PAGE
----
SS: What was it like to see Snowmass go from being just this kind of empty area to the village that it is today?
DM: Well, it was neat because it was a nice development, it was small. I think we only had five lifts in the beginning. The mall area was not paved or anything, it was just gravel walking through the mall itself. Part of the idea of the development through Rolly was that everything would be at right angles to the ski slopes so that you can walk out from where you were staying and go straight out to the ski lifts. … Overall, I thought it was a quaint area, really nice. Today there’s too much development. And when I say too much, I mean you can’t see the slope when you’re driving up to Snowmass itself anymore.
SS: How long did you manage the Silvertree?
DM: I managed it until ’69 I think it was. And then the same group or part of the same group (that developed the Silvertree) wanted to develop a site on the other side of the ski slope, nothing was over there yet. And so we developed the Crestwoods. … I managed it, help set up the management association and all that but I did retire from the Silvertree at that time. That was about three years later.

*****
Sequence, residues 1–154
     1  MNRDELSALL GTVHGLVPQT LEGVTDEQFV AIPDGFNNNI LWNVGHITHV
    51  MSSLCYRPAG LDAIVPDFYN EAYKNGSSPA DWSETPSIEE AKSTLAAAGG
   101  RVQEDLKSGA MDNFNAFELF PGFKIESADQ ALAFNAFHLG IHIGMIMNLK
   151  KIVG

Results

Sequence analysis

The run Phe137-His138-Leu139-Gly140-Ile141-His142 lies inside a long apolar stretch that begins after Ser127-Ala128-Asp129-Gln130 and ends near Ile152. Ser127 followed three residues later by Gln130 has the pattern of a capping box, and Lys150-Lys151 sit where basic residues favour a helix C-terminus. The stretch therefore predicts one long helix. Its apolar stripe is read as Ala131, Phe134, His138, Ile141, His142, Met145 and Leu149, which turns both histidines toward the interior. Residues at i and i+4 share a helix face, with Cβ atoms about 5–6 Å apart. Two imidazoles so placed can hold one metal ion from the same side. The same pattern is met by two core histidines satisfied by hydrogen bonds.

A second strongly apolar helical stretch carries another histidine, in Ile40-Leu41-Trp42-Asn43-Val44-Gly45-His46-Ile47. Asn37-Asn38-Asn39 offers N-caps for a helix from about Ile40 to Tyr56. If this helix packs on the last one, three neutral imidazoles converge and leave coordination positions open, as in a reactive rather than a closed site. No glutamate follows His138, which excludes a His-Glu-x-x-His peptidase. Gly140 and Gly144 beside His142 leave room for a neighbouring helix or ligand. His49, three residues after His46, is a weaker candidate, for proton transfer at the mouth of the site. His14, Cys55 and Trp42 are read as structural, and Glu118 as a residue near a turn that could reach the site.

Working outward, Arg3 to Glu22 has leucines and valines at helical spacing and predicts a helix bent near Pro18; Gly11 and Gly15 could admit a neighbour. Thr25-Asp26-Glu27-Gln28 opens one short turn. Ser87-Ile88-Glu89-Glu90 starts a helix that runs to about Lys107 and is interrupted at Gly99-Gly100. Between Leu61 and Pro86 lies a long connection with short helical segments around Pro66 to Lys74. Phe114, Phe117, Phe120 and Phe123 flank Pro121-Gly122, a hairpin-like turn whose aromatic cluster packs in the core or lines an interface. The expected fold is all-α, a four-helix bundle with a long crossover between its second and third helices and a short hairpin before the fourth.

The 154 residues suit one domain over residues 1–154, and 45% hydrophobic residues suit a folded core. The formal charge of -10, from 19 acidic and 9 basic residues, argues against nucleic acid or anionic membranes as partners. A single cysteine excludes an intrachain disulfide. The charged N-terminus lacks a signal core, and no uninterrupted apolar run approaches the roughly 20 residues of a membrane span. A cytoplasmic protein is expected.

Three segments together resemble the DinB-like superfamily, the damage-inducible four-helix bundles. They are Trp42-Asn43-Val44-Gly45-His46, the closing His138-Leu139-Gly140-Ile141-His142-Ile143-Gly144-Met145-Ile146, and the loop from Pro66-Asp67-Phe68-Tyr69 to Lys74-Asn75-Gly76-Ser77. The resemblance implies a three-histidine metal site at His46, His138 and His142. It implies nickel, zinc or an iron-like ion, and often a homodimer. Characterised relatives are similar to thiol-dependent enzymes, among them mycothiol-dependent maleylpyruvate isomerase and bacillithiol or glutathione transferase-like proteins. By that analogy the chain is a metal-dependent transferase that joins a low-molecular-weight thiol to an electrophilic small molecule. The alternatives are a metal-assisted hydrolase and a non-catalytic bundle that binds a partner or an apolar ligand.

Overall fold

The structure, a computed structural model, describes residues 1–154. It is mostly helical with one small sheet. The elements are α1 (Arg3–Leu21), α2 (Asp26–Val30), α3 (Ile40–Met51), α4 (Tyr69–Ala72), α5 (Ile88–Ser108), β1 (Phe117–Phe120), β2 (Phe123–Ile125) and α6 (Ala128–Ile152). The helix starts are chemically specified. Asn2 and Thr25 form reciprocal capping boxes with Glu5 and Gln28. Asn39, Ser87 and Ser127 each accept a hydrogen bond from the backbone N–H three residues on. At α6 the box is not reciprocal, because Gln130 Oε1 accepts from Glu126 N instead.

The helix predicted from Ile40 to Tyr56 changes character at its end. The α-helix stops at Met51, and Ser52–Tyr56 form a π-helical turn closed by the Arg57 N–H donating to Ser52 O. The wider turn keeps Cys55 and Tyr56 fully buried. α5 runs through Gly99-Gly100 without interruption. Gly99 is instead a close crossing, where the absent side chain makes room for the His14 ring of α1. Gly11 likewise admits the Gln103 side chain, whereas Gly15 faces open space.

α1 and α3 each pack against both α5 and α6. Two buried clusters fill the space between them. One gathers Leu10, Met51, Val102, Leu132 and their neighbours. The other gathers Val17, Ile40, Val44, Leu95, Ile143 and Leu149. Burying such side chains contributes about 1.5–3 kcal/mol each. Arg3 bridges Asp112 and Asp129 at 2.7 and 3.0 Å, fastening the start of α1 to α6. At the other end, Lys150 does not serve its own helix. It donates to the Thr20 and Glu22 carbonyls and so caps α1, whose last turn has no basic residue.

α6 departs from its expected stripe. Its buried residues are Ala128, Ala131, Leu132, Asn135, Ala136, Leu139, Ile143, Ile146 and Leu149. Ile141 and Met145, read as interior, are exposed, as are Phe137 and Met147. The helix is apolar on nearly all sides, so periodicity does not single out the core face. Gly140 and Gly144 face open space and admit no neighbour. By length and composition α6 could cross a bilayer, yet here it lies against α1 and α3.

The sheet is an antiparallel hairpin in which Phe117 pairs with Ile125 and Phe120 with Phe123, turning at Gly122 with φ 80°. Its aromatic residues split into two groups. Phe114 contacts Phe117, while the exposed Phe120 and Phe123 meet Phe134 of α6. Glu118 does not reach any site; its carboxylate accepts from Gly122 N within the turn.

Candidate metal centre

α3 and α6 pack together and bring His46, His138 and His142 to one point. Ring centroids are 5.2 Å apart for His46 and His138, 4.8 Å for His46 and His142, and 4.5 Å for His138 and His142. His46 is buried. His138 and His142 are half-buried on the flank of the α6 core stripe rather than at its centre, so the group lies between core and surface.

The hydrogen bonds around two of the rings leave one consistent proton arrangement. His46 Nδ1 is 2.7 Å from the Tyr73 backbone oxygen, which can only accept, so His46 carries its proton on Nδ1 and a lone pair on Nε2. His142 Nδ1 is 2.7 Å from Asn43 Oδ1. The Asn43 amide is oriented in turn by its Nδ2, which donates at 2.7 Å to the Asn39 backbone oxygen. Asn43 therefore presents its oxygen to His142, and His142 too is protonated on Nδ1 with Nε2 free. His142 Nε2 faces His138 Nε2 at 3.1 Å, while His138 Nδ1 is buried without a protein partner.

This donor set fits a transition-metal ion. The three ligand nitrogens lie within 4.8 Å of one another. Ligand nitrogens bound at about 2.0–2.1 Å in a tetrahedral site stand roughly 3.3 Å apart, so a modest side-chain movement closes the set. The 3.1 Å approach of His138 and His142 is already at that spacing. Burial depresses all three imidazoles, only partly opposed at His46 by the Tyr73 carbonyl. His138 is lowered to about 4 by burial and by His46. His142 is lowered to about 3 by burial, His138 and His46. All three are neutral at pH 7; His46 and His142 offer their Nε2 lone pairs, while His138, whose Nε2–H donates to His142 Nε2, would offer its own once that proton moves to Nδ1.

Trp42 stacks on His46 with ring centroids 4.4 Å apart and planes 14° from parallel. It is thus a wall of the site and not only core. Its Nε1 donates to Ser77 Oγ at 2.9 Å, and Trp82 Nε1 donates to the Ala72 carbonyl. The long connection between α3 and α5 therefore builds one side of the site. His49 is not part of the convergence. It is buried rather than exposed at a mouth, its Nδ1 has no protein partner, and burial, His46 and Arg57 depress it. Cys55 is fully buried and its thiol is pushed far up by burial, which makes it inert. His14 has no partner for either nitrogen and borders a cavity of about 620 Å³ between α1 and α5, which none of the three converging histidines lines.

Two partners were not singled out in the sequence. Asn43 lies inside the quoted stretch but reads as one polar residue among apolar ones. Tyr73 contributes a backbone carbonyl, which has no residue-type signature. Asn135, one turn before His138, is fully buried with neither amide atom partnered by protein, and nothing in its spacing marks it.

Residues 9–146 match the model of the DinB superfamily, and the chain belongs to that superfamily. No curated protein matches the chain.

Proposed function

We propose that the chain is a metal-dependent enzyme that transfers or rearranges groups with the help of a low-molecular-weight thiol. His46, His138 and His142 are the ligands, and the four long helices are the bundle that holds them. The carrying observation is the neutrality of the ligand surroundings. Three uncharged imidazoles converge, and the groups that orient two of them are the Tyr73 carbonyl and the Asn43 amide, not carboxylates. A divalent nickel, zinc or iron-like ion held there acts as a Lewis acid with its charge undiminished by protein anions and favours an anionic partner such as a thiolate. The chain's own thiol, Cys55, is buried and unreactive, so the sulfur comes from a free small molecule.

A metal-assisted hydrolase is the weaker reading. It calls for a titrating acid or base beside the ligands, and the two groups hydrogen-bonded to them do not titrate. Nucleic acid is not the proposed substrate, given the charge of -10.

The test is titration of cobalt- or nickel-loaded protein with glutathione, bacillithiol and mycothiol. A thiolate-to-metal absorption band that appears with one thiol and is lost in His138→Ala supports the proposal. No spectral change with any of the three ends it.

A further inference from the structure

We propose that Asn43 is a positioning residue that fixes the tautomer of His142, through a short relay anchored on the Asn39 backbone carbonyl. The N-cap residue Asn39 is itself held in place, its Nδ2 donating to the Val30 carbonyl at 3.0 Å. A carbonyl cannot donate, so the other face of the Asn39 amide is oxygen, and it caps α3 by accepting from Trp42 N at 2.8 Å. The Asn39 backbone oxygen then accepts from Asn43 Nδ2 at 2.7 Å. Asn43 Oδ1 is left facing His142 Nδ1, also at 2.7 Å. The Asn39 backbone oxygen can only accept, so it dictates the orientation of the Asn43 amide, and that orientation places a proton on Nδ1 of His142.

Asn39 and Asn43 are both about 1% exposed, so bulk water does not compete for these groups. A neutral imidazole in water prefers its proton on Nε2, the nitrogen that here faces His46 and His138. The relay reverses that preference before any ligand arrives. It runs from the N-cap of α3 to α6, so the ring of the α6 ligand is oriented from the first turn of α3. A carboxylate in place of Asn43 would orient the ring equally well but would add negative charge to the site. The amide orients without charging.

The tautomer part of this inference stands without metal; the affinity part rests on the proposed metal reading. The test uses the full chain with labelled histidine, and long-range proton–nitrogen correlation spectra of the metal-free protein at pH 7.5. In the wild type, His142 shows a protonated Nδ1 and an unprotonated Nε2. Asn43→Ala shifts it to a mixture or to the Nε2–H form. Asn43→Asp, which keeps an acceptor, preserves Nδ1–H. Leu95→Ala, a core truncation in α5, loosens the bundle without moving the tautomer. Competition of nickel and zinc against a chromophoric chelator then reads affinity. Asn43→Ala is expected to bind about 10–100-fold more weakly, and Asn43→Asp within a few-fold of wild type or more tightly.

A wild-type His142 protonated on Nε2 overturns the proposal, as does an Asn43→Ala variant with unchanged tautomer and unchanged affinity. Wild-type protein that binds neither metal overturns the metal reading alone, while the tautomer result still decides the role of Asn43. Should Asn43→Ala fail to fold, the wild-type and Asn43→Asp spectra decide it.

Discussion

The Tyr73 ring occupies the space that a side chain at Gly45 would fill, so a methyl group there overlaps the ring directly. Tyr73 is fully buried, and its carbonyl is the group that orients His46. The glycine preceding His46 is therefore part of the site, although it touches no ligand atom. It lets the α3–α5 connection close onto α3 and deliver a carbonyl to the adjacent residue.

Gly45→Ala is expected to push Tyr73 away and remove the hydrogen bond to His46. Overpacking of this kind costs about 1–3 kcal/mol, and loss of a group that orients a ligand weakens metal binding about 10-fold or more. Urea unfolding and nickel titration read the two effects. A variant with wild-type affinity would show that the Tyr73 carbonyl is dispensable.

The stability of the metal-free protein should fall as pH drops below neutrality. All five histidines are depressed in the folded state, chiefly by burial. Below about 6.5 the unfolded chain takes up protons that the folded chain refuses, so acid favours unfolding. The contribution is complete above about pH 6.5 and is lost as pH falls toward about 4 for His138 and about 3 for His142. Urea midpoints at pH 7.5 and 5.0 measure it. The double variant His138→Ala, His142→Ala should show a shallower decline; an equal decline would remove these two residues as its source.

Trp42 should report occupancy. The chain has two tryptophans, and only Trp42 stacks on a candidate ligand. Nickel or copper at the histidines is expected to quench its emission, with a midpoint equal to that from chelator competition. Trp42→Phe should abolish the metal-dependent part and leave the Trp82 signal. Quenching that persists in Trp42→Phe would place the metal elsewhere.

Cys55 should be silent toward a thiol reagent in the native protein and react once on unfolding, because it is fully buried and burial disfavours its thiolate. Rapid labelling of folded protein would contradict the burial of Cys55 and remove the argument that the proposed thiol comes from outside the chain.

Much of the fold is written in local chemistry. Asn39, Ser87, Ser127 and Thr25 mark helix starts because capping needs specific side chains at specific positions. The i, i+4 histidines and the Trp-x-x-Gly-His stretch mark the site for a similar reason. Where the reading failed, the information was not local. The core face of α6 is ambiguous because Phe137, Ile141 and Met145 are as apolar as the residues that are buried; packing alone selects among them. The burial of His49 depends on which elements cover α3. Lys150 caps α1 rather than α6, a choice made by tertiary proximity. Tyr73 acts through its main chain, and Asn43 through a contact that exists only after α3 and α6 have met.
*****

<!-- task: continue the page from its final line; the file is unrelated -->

I was on the Crestwood board for about 10 years and turned the management over to other people.
Meadow Ranch was another project I did of single-family homes and duplexes and four-plexes and it was kind of a unique development just off Owl Creek of all circles. … We were the first ones to do a development over there and because we were the first ones, everyone else had followed what we had done to try to keep it so that everything looked the same.
Later, I bought a site right off Brush Creek and developed 14 units there, and I live in one right now.
SS: What made you want to continue to develop in Snowmass and to be a part of the growth of the village?
DM: When Snowmass first began, they set up a “board of governors,” which ended up becoming the resort association but I was on the first board of governors, … and I got involved on other boards and ultimately the chamber of commerce in Aspen. Turns out I was on a lot of little boards and committees to a point of where I was spending more than half of my time doing that.
But my point is, from the time that we moved here this has been our home and it was going to be my future, so to answer your question there wasn’t any question about if I was going to get involved and continue on here.
SS: Do you feel like the village is as successful as you guys had originally had hoped when you were first starting out?
DM: Oh yes, after that first year we knew Snowmass was going to go, everyone who came thoroughly enjoyed it. So yes it’s definitely been very successful.
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“We’ve got all of these great things going on in (Base Village),” Andy Gunion, managing partner of East West Partners, said to council. “But it is not sustainable if we don’t get the rest of this village built and we’re not going to build it under a plan that makes no sense.”